The OTS therefore suggests that CGT should be charged on a ‘receipts’ basis, with tax being paid when the proceeds of sale are actually available or received. It stresses that the eligibility to existing reliefs should be preserved.

The implications of a ‘receipts’ basis would have to be considered carefully by the Exchequer, as the payment of the tax would be delayed and, potentially, there would be a reduction in the overall tax revenue.

Foreign currency issues

At present, when a UK taxpayer buys or sells a foreign asset, their acquisition cost and the proceeds must be converted into sterling at the respective points in time they are incurred in order to calculate the gain on disposal.

A tax liability can therefore arise not only when the actual asset has increased in value between acquisition and sale, but also when there is a gain because of foreign currencies appreciating against sterling (or equally a taxable loss due to the weakening of sterling against the foreign currency).

Importantly, there is a specific CGT exemption for foreign exchange gains or losses that arise from movements of money in a foreign currency bank account. Without this exemption, a CGT liability could arise whenever funds are added or removed from a foreign currency bank account (as used to be the case).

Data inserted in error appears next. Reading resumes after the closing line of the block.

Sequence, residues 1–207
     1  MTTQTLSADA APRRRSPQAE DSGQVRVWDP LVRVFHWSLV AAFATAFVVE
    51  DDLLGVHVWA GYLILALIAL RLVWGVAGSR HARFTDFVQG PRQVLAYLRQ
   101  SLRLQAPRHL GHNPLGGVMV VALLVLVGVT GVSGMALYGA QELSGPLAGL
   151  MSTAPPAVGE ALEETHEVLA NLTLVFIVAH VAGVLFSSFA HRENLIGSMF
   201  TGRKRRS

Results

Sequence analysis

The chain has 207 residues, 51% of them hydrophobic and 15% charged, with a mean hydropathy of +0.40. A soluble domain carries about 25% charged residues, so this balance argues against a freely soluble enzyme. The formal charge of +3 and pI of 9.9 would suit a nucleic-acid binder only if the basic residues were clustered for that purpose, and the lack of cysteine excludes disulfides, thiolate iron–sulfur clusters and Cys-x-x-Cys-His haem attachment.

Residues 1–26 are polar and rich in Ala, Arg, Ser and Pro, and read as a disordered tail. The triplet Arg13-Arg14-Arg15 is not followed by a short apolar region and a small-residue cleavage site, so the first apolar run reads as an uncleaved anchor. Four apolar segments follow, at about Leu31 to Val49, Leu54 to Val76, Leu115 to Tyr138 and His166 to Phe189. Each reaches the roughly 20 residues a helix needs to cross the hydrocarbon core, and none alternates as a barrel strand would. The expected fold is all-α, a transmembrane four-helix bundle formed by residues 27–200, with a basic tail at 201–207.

The OTS acknowledges the complexities of calculating a CGT liability on foreign assets, and therefore for administrative ease recommends that the calculation of gains and losses is carried out in the relevant foreign currency, and then converted to sterling at the exchange rate on the date of disposal.

If adopted, this would significantly reduce the burden on taxpayers and their advisers. Under the current rules, the volume of work to calculate CGT on the disposal of foreign assets can be entirely disproportionate to the gain realised, and we therefore also welcome this recommendation.

Main homes

Gains made on the disposal of a home which is used as the individual’s only or main residence throughout the period of ownership are exempt from CGT if certain conditions are met (such as the gardens/grounds not being greater than a certain permitted size). This relief is known as principal private residence relief (PPR relief).